A Letter to My Teacher From an A+ Student With a Mental Illness

Worth Living Ambassador Delicia Raveenthrarajan



“Delicia is a performing arts student who also takes on the world with her passion in spoken word, motivational speaking, song writing, the arts, musical theatre, and changing the world with strength and kindness. She has become who she is by volunteering, speaking and life changing travels. Delicia simply  states her journey so far: Canada Born. Kenya Bound. Arizona Built. Amazon Braving. Strength Embracing.”

Dear High School Teacher:

I admire your knowledge and all that you have to offer your students. But I would like to bring something to your attention. I was diagnosed with major depressive disorder and can be overwhelmed with panic attacks and episodes of severe anxiety as a result. I would like you to know something else. At the end of last year, I completed the school year with a 95% average as well as attending the school as a performing arts honours student. I am a musician, speaker and performer. I grew up being honest and raw on stage. I travel the world and go on service trips as often as possible for me. I have a lead in this year’s musical. Earlier this year I was awarded with a provincial and federal award from the governor general. I have a wonderful family, beautiful, loving friends and a roof over my head. I have major depressive disorder.  I suffer from a mental illness. It may not make sense to you, sometimes it doesn’t make sense to me. But it is real, it exists and denying it will only make it worse and I would like you to know a few things.

Remember when I came and asked you for an extension on my lab report? Remember when you passed me off as irresponsible or thought that my reasoning was just an excuse for “being a teenager?” Well, I had to go to the doctor and the hospital for appointments to address the fog that blurred my mind of any sense of hope for the future and numbed me from any remote sense of emotion. Upon coming home, I went to sleep. For the next three days, I was able to rally up a total of 3 hours of sleep due to my illnesses and this was the first time that my exhaustion allowed me to close my eyes for longer than the slim hour a night that left me hanging on by a thread. I had no energy and physically could not get out of bed. That night, my friends were going to dinner and I stayed home because I was too tired and overwhelmed to take the blanket off of me or turn on the lights. I promise you that I would much rather write a lab report than spend my days driving back and forth from hospital appointments and the darkness of my room.


Remember when you got mad at me when I told you that I had to go home. You told me that I was missing class too often and needed to learn to prioritize. I’m on antidepressants. I forgot my meds in the morning and needed to take them before the serotonin deficiency started affecting my mind, body and immune system. It’s not a pleasant feeling. Trust me. I would much rather be copying notes and doing practice math questions. You may think that my medications are happy pills, a short cut, useless, weak or unnecessary, I’ve heard it all. But I can assure you that those statements are anything but the truth.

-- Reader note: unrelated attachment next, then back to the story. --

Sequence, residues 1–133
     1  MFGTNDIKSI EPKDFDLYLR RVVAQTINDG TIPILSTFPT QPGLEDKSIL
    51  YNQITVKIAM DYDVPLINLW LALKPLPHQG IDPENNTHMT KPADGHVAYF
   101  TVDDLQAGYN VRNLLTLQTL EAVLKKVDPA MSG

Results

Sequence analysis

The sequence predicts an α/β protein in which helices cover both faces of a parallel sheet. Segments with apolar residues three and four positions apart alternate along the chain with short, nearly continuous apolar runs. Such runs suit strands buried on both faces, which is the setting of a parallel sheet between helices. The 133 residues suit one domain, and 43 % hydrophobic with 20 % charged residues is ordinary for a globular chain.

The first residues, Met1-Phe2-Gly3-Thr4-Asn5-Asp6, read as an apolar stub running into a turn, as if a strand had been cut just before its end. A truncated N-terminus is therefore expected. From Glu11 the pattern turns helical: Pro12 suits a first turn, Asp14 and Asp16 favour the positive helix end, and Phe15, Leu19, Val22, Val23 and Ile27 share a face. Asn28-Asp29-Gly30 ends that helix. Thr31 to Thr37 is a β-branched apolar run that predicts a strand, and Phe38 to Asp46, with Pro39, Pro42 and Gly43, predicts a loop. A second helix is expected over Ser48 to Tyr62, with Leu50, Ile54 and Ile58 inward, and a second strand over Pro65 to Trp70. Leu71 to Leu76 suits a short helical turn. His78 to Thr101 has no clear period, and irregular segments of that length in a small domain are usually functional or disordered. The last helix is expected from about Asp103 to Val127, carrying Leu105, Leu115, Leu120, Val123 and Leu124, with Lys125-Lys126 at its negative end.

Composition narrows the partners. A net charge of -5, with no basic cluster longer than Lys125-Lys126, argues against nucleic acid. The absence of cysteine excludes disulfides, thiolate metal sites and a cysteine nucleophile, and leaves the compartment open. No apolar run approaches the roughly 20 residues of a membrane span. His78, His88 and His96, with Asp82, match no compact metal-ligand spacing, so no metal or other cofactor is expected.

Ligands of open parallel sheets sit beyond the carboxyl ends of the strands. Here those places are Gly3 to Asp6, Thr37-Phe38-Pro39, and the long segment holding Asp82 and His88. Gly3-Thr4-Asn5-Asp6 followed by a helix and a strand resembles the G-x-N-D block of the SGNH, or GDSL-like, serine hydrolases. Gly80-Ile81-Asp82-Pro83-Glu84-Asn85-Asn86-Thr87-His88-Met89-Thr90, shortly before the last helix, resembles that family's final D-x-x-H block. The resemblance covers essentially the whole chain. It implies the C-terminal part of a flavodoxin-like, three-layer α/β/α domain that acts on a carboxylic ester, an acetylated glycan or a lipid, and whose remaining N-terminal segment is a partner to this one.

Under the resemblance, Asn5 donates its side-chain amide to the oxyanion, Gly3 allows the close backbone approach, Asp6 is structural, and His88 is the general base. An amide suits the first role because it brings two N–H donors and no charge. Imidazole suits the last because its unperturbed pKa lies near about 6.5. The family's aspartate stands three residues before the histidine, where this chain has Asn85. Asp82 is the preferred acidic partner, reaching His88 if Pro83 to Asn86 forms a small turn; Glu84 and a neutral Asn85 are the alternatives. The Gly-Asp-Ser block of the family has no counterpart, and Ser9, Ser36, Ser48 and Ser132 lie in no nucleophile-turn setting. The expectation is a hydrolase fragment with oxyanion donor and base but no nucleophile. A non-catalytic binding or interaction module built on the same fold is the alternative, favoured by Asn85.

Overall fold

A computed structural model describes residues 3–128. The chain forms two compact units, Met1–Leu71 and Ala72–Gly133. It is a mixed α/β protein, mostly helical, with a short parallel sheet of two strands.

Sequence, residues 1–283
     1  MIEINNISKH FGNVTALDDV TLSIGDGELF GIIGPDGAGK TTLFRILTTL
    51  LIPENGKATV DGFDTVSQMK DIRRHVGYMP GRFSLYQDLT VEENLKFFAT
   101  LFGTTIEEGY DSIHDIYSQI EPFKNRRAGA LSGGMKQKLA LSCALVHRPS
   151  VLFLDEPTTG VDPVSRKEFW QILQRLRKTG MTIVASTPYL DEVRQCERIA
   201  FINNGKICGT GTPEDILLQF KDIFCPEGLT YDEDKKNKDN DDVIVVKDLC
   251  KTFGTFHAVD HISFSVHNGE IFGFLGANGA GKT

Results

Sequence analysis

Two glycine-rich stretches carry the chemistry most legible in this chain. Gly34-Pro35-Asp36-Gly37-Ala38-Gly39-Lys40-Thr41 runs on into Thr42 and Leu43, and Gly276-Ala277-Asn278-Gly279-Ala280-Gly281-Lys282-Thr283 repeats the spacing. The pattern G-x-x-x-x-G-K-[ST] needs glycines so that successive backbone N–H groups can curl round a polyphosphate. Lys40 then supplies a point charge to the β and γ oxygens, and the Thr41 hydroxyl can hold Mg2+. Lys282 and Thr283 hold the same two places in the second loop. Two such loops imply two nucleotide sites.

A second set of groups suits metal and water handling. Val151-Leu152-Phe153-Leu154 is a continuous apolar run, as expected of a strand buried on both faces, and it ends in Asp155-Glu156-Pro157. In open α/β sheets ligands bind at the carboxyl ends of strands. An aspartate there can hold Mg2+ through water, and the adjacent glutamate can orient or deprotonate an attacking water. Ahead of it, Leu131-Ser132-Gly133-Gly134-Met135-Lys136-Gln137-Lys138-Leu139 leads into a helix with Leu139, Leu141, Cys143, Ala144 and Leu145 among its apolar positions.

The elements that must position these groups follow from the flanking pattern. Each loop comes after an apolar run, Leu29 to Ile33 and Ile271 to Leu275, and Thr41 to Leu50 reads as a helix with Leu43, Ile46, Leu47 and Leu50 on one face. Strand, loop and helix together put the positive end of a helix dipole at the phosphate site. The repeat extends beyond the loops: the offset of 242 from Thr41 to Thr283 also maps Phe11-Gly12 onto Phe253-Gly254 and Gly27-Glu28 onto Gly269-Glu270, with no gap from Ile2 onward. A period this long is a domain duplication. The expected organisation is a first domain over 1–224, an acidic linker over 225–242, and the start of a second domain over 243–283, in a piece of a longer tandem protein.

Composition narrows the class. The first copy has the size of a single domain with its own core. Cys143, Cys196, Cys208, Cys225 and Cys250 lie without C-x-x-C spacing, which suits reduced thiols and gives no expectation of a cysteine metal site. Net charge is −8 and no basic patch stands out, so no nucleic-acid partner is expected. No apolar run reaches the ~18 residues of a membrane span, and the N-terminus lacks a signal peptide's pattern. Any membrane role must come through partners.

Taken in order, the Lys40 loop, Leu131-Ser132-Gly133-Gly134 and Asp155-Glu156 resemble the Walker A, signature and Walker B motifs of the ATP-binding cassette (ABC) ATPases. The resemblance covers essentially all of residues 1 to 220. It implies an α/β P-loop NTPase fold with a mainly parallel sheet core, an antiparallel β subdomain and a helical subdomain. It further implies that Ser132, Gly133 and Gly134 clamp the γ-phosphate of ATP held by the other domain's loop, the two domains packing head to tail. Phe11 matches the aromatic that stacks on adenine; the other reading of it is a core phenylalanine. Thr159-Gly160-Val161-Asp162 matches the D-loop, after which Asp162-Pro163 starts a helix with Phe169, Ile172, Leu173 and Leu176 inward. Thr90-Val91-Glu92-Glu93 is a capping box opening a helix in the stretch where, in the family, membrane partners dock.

Similar to a diabetic, there is no immediate cure for my mental illness like a “happy pill.” But just like a diabetic takes insulin, I take antidepressants to help me tolerate and live life to the best of my abilities despite the circumstances. It’s not a crutch. It’s not taking the easy way out. It is brave and the farthest thing from weak.

Remember when you called me out which led to a panic attack? Remember when you let another student take the test another day because of a fever but refused to give me an extension because you could not physically see what was wrong? Remember when you thought I was faking it because I perform so well in and out of school? Remember when you questioned my need for extra time or a private space to work because I received high marks? Remember how you were confused because I smile all the time?

I am not writing this letter to tell you that you are a bad teacher because you are a great teacher.  You are also a human being. There are just some things that I wanted you to know so you are aware of my story behind the endless singing and high grades. I am writing this because I want to help you understand that my illness is a chemical flaw and not a character flaw. I am writing this to help you understand that there is so much more to me.  And most importantly, I am writing this to help you understand that I am a human before I am a student. Therefore, I will put my wellbeing first at all costs.


Your Student with a Story.

Share this post

Leave a Reply

Your email address will not be published. Required fields are marked *